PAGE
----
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CONTOUR. Consolidate ownership negotiation tool for urban restriction. The case of Põhjaväil. Damiano Cerrone Narva mnt. 20-18. 10120 Tallinn,

Panu Lehtovuori Hämeentie 4 C 11, FI-00530 Helsinki,

Copyright © 2011 by Damiano Cerrone & Panu Lehtovuori. Published and used by EFLA Regional Congress 2011 with permission.

Ab stra ct T hi s p ap er , b a sed o n t he au t ho r ’ s e n tr y i n t h e St reet 2 0 2 0 co mp e ti tio n , e xp l o re s p o s sib ili ti e s fo r a ne w u r b an d e ve lo p me n t mo d e l i n T all i n n. Us i n g t he p l an n ed urb a n hi g h wa y P õ hj a vä il a s o u r ca se st ud y, we p ro vid e i ns i g ht a nd fr es h t h i n ki n g i n st ud yi n g t h e c it y a nd t h e s it e to f i nd it s re al p o t en ti al s, a nd ad d re s si n g t he g ap s a nd we a k ne s se s o f t he c ur r e nt p la n n i n g s ys t e m a nd r eal - es ta te p ro ce ss to d el in ea te a ne w to o l o f u r b a n ma n a ge me nt . W e cal l t hi s to o l C O NT OU R, a lo c al is ed , a ct o r -o r ie n ted to o l to fo ste r p ub l ic go o d . W h il e t h e co nc ep t i s ne w, t he to o l i s b a sed o n so l u tio n s and re g ul at io ns t ha t, i n o th er co n te x ts , ha ve ma na g ed to med i at e p ub l ic and p ri va te in ter es t a nd e n s ur e h i g h -q ua li t y urb a n i s m. I n t h e s it e o f t h e “St ree t 2 0 2 0 co mp et it io n - t he ca se o f P õ hj a vä il ”, t he q ue s tio n i s ho w to t ur n t he t hrea t o f u n n ece s sar y i n ner cit y h i g h wa ys i n to a n o p p o r t u ni t y to crea te a n a t trac ti v e urb a n area rea c hi n g to t he sea s id e. T he sp a tia l so l u tio n, b as ed o n i nter la ci n g flo ws , i s t h e d ri v er fo r a ri c h var ie t y o f ur b a n l a nd s ca p es a nd p ro gra m ma t ic m ix e s. T he eco no mic i nc e nt i ve s a nd n e go t ia tio n to o l s o f t he p ro p o sed CO NT OU R faci li ta te th e p re se r vat io n o f k e y va l ue s o f t he s ite , wh i l e o p e ni n g ne w d e velo p me nt o p p o rt u ni tie s. T he p r o ce s s i s c h ar a cter i sed b y m an a gi n g b u il t vo l u me a n d la nd r e nt s to rea c h a wi n - wi n fo r l and o wn er s a nd t h e b ro a d er p ub l ic. P ub l ic p r o j ec t s, s uc h as p ub lic sp ace a nd tr a n sp o rt, o r a rt a nd e ve n t s, s u s tai n ab l y rece i ve t heir s h ar e o f t h e ad d ed v al ue . Key words: urban planning, transfer of development rights, Põhjaväil, negotiation, planning tools, Tallinn.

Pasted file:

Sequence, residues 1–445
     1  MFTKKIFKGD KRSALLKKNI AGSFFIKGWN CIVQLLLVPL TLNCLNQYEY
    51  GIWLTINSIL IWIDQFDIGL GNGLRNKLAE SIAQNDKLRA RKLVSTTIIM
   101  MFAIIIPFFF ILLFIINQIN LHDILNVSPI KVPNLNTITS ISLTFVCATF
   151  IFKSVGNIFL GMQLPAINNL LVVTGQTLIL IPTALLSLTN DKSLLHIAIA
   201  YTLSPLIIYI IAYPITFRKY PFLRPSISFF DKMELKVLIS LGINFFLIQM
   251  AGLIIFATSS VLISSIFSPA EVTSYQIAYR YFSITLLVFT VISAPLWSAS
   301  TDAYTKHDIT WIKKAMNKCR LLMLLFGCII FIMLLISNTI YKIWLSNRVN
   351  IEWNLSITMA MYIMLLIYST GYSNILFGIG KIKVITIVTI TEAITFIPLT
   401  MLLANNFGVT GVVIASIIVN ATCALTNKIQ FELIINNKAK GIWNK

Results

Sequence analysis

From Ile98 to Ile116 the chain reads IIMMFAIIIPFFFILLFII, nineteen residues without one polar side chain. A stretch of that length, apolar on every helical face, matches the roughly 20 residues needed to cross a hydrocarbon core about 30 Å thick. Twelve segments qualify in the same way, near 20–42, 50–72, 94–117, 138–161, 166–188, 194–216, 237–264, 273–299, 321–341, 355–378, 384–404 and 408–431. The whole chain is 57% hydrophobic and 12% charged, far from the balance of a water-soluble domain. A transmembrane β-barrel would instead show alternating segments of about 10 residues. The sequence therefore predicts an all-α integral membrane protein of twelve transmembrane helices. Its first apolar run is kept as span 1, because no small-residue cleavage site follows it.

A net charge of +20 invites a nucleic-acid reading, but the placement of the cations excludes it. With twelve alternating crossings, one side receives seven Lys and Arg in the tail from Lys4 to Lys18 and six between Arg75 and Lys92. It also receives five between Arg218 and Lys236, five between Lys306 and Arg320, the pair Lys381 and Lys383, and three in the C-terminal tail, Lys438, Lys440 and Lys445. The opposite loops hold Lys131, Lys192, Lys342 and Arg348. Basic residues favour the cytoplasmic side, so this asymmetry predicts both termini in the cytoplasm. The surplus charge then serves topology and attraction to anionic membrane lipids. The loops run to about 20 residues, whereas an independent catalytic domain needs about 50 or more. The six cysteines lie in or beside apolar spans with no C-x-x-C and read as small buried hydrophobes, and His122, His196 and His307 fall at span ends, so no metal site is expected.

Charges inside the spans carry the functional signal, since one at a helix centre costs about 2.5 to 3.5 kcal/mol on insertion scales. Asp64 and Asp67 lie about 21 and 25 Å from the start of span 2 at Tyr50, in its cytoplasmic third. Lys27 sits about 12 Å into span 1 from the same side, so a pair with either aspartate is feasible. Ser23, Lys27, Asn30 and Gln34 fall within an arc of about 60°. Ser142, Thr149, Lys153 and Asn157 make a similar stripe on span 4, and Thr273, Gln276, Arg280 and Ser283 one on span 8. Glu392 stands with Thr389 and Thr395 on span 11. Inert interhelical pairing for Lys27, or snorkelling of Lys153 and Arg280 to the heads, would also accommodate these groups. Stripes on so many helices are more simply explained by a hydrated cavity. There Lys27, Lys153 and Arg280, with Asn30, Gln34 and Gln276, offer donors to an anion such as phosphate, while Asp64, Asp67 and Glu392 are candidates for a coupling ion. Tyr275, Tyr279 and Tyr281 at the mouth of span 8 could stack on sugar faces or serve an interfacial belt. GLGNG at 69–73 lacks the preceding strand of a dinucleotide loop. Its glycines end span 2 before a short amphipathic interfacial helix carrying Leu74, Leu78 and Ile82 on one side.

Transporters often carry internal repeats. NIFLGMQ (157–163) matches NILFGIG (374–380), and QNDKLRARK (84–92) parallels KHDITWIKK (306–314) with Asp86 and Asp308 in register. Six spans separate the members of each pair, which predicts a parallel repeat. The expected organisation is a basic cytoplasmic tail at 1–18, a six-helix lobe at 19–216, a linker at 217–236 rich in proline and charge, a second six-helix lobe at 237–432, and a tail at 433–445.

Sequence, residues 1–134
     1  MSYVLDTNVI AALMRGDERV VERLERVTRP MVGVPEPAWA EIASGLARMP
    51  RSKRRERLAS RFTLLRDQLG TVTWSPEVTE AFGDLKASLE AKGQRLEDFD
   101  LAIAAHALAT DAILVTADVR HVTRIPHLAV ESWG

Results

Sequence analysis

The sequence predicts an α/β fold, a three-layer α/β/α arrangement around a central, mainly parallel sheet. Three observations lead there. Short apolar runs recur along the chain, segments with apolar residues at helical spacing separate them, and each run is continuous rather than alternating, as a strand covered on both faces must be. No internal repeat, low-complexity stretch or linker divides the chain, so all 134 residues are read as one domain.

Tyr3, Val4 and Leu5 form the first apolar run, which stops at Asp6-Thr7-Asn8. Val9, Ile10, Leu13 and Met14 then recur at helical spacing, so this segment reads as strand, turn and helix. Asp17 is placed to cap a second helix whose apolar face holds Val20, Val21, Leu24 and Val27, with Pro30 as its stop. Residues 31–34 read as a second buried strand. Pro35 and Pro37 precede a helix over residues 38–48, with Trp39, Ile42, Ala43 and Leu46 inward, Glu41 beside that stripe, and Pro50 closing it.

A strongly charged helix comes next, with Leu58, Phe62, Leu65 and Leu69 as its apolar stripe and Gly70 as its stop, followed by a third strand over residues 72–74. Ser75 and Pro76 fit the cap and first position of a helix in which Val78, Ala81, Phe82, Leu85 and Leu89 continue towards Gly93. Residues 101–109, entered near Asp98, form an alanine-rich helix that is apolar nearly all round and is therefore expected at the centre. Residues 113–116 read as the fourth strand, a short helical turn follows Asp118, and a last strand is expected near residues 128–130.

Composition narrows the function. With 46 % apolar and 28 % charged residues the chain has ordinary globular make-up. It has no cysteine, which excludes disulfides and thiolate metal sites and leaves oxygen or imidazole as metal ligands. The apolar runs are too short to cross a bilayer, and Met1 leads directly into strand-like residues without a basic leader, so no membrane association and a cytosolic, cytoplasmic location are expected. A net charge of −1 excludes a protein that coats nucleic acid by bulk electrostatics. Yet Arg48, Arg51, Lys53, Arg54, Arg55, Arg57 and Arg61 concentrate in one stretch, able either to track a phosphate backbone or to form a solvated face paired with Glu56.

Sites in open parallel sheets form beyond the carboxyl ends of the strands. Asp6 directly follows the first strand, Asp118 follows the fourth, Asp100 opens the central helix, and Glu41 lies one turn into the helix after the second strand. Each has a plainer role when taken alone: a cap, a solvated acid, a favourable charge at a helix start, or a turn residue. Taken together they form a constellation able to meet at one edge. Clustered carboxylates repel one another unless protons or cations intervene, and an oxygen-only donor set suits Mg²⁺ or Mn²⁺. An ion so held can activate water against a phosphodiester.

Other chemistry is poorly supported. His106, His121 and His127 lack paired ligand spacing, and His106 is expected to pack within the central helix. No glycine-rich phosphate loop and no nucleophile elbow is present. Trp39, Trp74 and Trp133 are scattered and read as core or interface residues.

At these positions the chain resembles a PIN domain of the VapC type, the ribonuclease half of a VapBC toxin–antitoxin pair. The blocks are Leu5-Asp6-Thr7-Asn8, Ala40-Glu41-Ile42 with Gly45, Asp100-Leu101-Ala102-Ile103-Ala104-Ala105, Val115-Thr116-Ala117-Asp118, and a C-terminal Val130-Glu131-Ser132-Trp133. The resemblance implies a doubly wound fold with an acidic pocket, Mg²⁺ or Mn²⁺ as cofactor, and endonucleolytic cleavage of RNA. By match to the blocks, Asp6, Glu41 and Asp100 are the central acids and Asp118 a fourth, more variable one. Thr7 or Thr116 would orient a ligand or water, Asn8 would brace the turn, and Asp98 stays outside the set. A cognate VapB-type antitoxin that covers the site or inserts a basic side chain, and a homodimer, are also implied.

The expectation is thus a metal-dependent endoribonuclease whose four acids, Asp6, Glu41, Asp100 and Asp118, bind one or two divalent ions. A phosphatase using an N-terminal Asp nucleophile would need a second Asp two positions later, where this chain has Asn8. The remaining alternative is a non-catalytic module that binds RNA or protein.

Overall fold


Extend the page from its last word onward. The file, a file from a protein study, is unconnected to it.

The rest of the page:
Introduction Current situation The Põhjaväil, as shown in the competition background documents, is framed by the city centre, Kadriorg district and the sea, making the site one of the most lucrative in whole Tallinn. Despite the competition was closed in the summer, the inner-city